The 27th Expeditionary Fighter Squadron, which is comprised of approximately half of its home unit, is currently carrying on its legacy of valor in the fight against ISIS. This month, the 27 EFS set a record of bombs dropped by an F-22 squadron, letting loose almost 100 munitions in support of Combined Joint Task Force-Operation Inherent Resolve, said 27th Aircraft Maintenance Unit Superintendent Chief Master Sgt. Richard.

"For 100 years, the 1 FW has been at the forefront of aerial combat," Fesler said. "To have the 27 FS deployed on their centennial, participating in combat against our enemies, is one of the greatest ways to honor its heritage and tradition of combat excellence."

At the forefront of the Fifth-Generation jet fighter transition, the 27 FS was the first to receive the F-22A Raptor, declared operationally ready with the airframe Dec. 15, 2005.
"Today, our Airmen continue to provide Air Dominance worldwide with the F-22," Fesler said. "The 1st Fighter Wing has been at the forefront of air-to-air combat and Air Superiority for a century now, and we will continue to fulfill this mission in the future."

The 27 FS provides one of the 380 AEW's five core missions of Global Strike through their operations against ISIS. Since ISIS isn't a sovereign nation, said 27 EFS Commander Lt. Col. Shell, it differs from traditional targets and presents unique challenges. Shell, however, is confident in his Airmen.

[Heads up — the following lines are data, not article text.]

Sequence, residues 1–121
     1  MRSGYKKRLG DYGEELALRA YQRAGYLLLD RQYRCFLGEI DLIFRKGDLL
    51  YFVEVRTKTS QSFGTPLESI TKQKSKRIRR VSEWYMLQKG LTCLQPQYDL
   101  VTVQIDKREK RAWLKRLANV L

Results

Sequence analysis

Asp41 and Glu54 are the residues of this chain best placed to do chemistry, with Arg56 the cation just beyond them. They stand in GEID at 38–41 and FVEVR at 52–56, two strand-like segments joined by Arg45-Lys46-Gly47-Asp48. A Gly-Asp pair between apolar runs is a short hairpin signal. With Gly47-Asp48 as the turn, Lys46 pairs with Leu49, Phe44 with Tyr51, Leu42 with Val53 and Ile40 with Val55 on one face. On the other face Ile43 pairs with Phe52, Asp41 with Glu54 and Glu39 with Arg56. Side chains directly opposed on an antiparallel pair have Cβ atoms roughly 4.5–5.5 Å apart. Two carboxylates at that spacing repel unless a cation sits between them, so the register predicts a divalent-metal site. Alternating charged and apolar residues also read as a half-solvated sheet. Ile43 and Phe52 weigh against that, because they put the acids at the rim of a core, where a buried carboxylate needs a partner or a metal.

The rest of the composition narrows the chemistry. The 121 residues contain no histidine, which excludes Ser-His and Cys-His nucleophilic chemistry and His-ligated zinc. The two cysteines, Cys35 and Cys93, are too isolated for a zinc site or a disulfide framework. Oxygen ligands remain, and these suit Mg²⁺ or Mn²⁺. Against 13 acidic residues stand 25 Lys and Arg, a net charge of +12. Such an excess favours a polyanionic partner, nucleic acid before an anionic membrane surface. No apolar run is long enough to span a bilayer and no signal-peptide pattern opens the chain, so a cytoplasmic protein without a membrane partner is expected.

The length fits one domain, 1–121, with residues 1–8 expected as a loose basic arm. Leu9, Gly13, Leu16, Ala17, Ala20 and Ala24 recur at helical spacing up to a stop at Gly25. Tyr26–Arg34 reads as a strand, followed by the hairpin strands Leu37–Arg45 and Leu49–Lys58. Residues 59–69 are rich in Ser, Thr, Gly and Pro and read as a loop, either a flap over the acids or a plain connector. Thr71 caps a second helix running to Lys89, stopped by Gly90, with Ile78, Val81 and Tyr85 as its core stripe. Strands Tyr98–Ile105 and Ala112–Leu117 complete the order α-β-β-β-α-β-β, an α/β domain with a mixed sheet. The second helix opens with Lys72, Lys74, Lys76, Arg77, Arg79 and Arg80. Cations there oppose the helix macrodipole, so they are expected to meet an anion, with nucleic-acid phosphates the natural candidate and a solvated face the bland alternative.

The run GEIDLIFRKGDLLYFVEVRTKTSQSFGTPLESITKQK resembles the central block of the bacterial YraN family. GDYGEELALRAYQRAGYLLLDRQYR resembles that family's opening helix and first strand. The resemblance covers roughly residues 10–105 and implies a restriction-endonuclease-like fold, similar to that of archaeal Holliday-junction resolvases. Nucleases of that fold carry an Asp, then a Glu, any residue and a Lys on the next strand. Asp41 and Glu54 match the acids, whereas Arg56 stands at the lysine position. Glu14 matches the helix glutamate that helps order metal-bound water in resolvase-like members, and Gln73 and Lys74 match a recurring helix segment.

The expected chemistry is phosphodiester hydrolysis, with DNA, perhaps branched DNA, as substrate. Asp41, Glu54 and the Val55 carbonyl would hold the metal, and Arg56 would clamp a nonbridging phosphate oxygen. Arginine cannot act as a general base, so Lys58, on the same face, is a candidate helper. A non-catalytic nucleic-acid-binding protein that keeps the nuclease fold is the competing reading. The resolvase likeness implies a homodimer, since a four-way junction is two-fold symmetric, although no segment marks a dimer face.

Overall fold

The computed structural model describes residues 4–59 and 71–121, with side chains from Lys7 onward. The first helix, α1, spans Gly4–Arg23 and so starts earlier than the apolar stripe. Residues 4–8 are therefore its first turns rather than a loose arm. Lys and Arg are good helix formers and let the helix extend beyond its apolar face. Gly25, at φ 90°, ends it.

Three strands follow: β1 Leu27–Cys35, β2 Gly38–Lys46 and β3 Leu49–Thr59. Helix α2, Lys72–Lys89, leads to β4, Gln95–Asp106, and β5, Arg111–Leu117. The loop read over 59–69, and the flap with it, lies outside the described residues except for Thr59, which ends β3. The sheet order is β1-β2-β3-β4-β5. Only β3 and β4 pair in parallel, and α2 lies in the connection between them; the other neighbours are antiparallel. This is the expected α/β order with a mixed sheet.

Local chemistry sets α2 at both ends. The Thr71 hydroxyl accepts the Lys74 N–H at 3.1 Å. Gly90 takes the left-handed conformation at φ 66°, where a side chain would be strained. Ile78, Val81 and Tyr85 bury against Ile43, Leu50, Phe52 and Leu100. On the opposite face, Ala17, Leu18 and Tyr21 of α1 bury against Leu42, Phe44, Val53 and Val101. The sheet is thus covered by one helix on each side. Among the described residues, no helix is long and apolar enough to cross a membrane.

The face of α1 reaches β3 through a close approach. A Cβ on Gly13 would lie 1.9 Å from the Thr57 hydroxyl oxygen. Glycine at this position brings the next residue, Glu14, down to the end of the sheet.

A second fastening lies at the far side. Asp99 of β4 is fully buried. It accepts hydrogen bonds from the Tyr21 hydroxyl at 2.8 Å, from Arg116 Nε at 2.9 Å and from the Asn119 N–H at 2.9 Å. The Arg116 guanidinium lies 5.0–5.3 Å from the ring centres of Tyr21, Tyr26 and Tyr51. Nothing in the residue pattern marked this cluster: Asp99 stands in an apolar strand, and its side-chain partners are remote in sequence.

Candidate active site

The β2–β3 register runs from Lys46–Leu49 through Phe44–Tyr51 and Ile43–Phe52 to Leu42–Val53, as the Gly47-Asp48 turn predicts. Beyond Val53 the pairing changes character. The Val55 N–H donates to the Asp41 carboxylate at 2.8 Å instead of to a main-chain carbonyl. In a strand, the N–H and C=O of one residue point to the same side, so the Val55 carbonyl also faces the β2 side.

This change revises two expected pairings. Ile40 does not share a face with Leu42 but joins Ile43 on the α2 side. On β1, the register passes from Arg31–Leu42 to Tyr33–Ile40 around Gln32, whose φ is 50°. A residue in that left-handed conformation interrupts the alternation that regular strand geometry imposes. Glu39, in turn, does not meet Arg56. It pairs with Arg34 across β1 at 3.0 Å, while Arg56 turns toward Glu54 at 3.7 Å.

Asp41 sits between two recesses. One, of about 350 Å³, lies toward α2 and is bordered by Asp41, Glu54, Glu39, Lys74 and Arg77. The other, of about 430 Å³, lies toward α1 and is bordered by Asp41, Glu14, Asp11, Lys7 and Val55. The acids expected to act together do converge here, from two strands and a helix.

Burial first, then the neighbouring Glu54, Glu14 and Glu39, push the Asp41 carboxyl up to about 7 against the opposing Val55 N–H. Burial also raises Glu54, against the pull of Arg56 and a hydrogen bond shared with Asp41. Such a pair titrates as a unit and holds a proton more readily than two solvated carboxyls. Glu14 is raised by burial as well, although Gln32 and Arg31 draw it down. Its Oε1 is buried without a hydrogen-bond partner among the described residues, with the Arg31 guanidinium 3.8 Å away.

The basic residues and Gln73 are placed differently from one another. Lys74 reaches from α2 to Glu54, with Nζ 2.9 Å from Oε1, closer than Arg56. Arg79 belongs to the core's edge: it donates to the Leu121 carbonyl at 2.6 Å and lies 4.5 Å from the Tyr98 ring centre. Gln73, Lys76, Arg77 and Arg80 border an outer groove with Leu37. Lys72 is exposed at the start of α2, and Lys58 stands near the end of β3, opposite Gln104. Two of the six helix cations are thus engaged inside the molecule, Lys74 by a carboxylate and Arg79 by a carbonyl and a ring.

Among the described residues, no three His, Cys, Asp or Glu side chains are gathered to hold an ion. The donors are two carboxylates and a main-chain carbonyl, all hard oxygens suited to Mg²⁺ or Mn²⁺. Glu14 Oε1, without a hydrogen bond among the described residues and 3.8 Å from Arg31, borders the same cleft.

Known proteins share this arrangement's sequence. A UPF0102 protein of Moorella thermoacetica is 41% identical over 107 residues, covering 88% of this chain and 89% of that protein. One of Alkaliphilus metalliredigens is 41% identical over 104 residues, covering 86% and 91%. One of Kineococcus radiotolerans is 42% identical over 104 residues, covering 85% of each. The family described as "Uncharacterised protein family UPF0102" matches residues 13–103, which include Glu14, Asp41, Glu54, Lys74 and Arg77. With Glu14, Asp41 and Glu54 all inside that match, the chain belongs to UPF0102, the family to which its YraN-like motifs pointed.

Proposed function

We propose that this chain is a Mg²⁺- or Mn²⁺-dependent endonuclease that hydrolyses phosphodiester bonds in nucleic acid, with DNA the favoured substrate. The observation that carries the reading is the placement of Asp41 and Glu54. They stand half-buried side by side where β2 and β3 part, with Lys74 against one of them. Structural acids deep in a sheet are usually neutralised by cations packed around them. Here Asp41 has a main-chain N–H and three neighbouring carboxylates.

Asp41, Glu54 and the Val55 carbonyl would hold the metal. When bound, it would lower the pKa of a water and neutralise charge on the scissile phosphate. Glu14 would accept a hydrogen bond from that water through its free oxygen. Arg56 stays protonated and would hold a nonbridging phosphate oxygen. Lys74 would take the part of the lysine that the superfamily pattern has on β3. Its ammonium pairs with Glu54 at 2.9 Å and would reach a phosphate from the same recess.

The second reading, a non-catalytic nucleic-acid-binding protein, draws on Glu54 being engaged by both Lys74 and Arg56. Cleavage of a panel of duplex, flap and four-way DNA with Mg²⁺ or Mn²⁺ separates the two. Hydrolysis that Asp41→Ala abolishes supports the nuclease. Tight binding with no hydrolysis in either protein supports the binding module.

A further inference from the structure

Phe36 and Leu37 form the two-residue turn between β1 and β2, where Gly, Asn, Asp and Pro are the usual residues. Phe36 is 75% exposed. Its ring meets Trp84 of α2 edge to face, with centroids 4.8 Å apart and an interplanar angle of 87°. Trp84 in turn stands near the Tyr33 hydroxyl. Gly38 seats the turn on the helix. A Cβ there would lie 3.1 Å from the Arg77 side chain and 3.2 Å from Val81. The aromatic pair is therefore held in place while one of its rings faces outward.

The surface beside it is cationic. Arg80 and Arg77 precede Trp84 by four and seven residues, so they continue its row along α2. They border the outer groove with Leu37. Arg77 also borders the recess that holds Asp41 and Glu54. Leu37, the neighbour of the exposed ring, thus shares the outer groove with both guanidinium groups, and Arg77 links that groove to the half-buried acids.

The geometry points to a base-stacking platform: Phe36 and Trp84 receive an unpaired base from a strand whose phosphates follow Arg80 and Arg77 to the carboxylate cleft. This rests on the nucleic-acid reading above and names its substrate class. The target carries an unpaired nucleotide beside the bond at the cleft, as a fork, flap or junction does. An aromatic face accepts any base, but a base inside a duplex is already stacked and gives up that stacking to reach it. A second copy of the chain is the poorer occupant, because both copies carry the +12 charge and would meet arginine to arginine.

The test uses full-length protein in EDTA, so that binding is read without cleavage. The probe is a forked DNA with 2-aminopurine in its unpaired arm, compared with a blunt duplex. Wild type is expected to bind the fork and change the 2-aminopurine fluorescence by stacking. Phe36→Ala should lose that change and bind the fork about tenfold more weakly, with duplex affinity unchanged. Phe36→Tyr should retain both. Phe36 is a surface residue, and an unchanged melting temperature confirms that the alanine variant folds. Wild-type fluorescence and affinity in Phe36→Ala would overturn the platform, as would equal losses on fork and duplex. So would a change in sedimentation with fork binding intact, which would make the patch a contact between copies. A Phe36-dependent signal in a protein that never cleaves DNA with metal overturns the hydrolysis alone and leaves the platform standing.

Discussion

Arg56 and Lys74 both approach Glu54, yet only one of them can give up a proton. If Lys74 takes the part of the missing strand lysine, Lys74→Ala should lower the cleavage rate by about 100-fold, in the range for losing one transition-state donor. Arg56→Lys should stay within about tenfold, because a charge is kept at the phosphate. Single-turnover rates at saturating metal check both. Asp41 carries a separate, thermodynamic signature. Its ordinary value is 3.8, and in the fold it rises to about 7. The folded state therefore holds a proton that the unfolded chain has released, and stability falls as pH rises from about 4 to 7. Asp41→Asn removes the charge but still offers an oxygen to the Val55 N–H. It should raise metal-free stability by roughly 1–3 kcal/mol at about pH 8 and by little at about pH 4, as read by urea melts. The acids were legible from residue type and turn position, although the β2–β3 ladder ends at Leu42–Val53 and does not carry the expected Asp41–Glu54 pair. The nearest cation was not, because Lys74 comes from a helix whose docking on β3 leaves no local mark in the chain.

"The Airmen of the 27 FS are second to none. We have a lot of younger pilots that stepped up to the plate right when we got here," Shell said. "[The pilots] never flinched or faltered, and are ready to take the fight to the enemy."

Shell feels commanding the 27 FS and overseeing the support of CJTF-OIR mission during such a significant point in their history is an honor.

"Every fighter pilot's dream is to become a commander of a fighter squadron, but deploying to a combat environment with your squadron is as good as it gets," Shell said. "We train consistently at home-station, and it's great to finally be able to put our skills to use."

While the 27 FS consistently delivers air superiority through combat operations for CJTF-OIR, pilots aren't alone in the mission. 1st Lt. Jonathan, 27th Aircraft Maintenance Unit assistant officer in-charge, says the 27 AMU ensures the aircraft are ready for operations around the clock.

"Maintenance and ops work hand-in-hand; without one side, you can't have the other," Jonathan said. "Without [maintenance Airmen's] incredible knowledge and professionalism, the Air Force would not be able to do its job."

As evidenced when the 27 FS received the 2010 Hughes Raytheon Trophy for best air-to-air combat squadron, Airmen continue to deliver decisive airpower and live up to the high standards set for them more than 100 years ago.

"The men and women of the 1 FW provide the highest levels of service and commitment to the Air Force every single day," Fesler said. "Their dedication and expertise enable 100 percent mission success in every task. They live up to the legacy of all the 1 FW Airmen that came before them, taking great pride in their heritage as the oldest Wing in the Air Force and the premier Air Dominance organization."